Savannah Morning News
Jan. 28, 2018
I’m moving to Mexico.
Not today, not tomorrow, probably not next year. But I’d like to, maybe to Merida on the Yucatan peninsula, probably in the winter. Summers are scorching. The people are kind, they are good workers, they love the earth, they love their children, they love their fruits and vegetables, they take care of their elders. On Sunday afternoon, they go to the town square to walk around or sit on the benches. They schmooze. When the band – lots of horns, musicians of all ages – starts playing they start dancing. On Sunday morning in Merida they close the main street to cars from 8 a.m. to noon. Only bicyclists and walkers. This is for the people who live there, not the tourists. Their tilework is exemplary, so too the marble. They eat a lot of turkey. One palm tree might produce 120 coconuts in a year; you can risk losing a finger by trying to pry open one of those suckers or you can give them to a neighbor, all of them. There are white pelicans. An Uber trip across town cost $1.67; the dollar is strong. Most drivers don’t speak English. You do not need a car to live there; buses work just fine and drivers are accustomed to looking out for people on bikes. Health care – available to everyone, resident or visitor – is cheap.
At restaurants, waiters serve women before men. Old school.
True to today’s world economy, the town has a Walmart, a Cosco, a Krispy Kreme, a Sears, a Best Buy, a Sam’s, a Starbucks, a Fuddruckers. In a corner variety store that sold soft drinks, tortilla chips, candy bars, Bubbaloo bubble gum, tamarindo candy, candy fruit chews, Saliditoes (salted plums and apricots), Our Lady of Guadalupe candles, the daily newspaper and celebrity magazines, workers in hardhats and dirty jeans line up to buy lottery tickets. I did not pass anyone asking for money or sleeping in a cardboard box. There was a police presence but not a crime vibe. The drug cartel does not target the Yucatan. The peninsula is out of the way; it’s on the way to nowhere.
There seems to be a keen sense of aesthetics, including the large murals in the walled courtyard of the downtown Governor’s Palace by Merida artist Fernando Castro Pacheco (reminiscent of Diego River’s work at the Institute of Art in Detroit) and an impressive night-time laser show against the front of the Cathedral.
As with many of the colonial houses – or haciendas – they were built by the indigenous Mayans, often forced by the Spanish to re-use stone blocks from their own temples. Mayans, who date back 1,000 years B.C., still have a presence in Merida. Of the million or so residents over half speak Spanish and Mayan. At the Gran Museo del Mundo Maya – or the “bird’s nest” museum, reminiscent of the one in Beiijing – many of the explanations are written in Mayan, a series of hieroglyphics or symbols presented as blocks in columns.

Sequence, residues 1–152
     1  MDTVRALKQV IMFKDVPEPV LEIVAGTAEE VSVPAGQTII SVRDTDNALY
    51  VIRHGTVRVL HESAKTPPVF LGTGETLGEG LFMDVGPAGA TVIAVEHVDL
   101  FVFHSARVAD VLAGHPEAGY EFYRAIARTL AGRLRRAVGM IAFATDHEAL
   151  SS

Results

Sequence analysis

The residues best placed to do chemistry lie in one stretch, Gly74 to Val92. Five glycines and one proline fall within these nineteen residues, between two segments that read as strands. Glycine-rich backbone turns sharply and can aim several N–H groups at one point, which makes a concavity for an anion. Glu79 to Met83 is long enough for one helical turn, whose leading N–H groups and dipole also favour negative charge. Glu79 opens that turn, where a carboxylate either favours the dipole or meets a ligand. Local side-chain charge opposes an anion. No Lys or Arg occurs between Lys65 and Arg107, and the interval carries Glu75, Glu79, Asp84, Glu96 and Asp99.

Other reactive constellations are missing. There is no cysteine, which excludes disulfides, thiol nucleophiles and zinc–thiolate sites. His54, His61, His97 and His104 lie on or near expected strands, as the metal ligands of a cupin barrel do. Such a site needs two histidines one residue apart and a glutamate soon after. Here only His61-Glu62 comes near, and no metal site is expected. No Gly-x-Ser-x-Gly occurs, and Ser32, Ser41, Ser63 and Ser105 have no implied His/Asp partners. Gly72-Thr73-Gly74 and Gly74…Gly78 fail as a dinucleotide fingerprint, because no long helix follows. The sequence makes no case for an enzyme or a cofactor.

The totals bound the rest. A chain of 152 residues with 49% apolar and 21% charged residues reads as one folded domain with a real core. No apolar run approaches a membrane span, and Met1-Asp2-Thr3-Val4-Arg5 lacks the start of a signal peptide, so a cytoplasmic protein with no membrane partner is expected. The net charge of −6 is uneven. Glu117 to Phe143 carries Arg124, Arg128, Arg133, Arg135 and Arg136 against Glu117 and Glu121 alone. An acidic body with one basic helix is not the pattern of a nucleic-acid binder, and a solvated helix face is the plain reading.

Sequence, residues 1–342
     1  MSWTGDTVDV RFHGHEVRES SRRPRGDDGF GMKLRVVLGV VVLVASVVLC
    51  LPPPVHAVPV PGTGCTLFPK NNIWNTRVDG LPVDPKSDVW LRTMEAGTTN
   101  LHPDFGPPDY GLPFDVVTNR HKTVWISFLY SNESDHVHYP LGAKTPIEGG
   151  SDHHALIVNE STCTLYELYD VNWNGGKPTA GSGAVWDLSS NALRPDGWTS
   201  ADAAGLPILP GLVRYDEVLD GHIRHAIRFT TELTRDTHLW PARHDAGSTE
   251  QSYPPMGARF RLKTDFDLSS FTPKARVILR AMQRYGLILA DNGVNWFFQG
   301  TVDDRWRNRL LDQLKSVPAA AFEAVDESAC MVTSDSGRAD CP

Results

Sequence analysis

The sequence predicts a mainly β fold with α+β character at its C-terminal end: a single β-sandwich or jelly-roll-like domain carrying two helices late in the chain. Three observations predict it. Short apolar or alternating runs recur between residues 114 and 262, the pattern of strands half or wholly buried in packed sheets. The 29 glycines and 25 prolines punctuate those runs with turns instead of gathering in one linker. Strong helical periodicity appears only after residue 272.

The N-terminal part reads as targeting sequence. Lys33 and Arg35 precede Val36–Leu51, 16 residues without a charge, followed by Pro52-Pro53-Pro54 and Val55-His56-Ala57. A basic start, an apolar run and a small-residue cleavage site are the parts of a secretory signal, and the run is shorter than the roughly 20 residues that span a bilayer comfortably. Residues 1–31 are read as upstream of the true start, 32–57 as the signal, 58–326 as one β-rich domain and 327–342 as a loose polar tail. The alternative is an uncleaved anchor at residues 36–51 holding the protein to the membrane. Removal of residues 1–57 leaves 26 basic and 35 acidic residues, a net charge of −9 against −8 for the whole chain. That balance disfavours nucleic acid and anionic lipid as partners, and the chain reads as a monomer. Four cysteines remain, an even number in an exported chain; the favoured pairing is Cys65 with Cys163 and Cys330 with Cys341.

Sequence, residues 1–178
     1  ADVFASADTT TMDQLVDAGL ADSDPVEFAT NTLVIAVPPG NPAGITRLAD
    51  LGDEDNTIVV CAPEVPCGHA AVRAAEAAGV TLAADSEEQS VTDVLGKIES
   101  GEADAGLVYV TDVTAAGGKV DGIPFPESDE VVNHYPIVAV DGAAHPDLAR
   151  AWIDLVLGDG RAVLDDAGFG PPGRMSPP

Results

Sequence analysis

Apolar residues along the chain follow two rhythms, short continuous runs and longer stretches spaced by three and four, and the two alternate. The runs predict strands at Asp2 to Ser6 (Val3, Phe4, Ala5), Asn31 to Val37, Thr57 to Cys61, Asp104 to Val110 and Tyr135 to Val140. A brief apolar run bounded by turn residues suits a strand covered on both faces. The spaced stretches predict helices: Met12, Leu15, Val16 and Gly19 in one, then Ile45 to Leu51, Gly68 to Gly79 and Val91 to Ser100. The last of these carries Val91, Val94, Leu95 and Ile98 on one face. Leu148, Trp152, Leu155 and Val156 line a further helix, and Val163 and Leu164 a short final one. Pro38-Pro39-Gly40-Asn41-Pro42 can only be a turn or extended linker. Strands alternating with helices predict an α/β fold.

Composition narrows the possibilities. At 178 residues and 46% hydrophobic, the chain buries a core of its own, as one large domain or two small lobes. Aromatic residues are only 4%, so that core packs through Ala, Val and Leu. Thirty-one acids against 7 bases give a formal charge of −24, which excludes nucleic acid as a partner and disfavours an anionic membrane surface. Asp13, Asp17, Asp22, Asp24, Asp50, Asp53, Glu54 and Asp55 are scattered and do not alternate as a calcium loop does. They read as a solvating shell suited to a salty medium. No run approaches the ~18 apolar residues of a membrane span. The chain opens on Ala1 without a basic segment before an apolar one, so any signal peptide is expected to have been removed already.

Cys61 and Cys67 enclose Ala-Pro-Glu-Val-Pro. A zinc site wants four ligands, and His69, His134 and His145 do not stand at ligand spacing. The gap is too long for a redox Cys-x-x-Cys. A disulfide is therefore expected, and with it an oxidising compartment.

Our guide, Ricardo, whose grandparents on one side of his family were Mayan, knew a little of the language (probably as much as I know Yiddish), but, he said, it is still taught in certain schools. There appear to be lots of “k’s,” apostrophes, dashes and spaces between the words. Mayans, he said, were obsessed with construction. They would burn limestone into dust in their construction, a process that required high temperatures, which resulted in deforestation. “They were victims of their own success,” he said – and of the conquering Spanish.
“You can see Maya traits,” he said. “Black, straight hair. Big nose. Asian eyes. Brown skin. Not too tall. Like me. I’m a mestizo. Spanish and Maya.”
He founded forgiving toward the Spaniards. “The place you are at this very moment is the one you have to accept,” he said.
The spirit animal of the Maya people is the jaguar. (Just saying, Jacksonville).
That the pyramids, sacred temples dedicated to the Mayan gods, still exist – and are still available for tourists to see (although like Pompeii access is limited; you can no longer climb on them) – is a testament to the building acumen of the Maya people. The limestone blocks are fitted so tight, Ricardo said, a single piece of paper couldn’t slide through. Mayas were masters of physics, mathematics, the calendar and the astronomical system.
With balconies, ironworks, and curved doorways, the streets of Merida resemble New Orleans and/or Cuba. Except for the two-seater concrete chairs in the shape of an “s.” Painted white and called saillas tu y yo – you and me chairs – they are unique to Merida. They are connected by arms on opposite sides so when you sit down you are facing the other person.
Houses sit close to the sidewalk; each neighborhood has a square, a church, a market, a bar/restaurant and sometimes a movie theater. When I was there, “The Shape of Water” was playing, a movie that had not yet come to Savannah.
I’m moving to Mexico.